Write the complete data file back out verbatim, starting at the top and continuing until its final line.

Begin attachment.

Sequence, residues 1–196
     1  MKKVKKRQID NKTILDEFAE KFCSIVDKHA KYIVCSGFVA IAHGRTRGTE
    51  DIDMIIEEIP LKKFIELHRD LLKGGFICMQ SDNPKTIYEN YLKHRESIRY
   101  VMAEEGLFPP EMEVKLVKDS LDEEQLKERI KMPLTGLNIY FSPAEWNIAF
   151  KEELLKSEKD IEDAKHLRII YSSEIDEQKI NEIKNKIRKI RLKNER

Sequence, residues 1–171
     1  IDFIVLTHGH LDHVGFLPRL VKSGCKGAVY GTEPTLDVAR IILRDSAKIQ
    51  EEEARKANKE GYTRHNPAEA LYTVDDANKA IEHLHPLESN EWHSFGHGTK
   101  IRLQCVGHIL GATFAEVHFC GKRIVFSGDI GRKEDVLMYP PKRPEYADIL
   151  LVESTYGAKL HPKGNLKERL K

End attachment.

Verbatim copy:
Sequence, residues 1–196
     1  MKKVKKRQID NKTILDEFAE KFCSIVDKHA KYIVCSGFVA IAHGRTRGTE
    51  DIDMIIEEIP LKKFIELHRD LLKGGFICMQ SDNPKTIYEN YLKHRESIRY
   101  VMAEEGLFPP EMEVKLVKDS LDEEQLKERI KMPLTGLNIY FSPAEWNIAF
   151  KEELLKSEKD IEDAKHLRII YSSEIDEQKI NEIKNKIRKI RLKNER

Sequence, residues 1–171
     1  IDFIVLTHGH LDHVGFLPRL VKSGCKGAVY GTEPTLDVAR IILRDSAKIQ
    51  EEEARKANKE GYTRHNPAEA LYTVDDANKA IEHLHPLESN EWHSFGHGTK
   101  IRLQCVGHIL GATFAEVHFC GKRIVFSGDI GRKEDVLMYP PKRPEYADIL
   151  LVESTYGAKL HPKGNLKERL K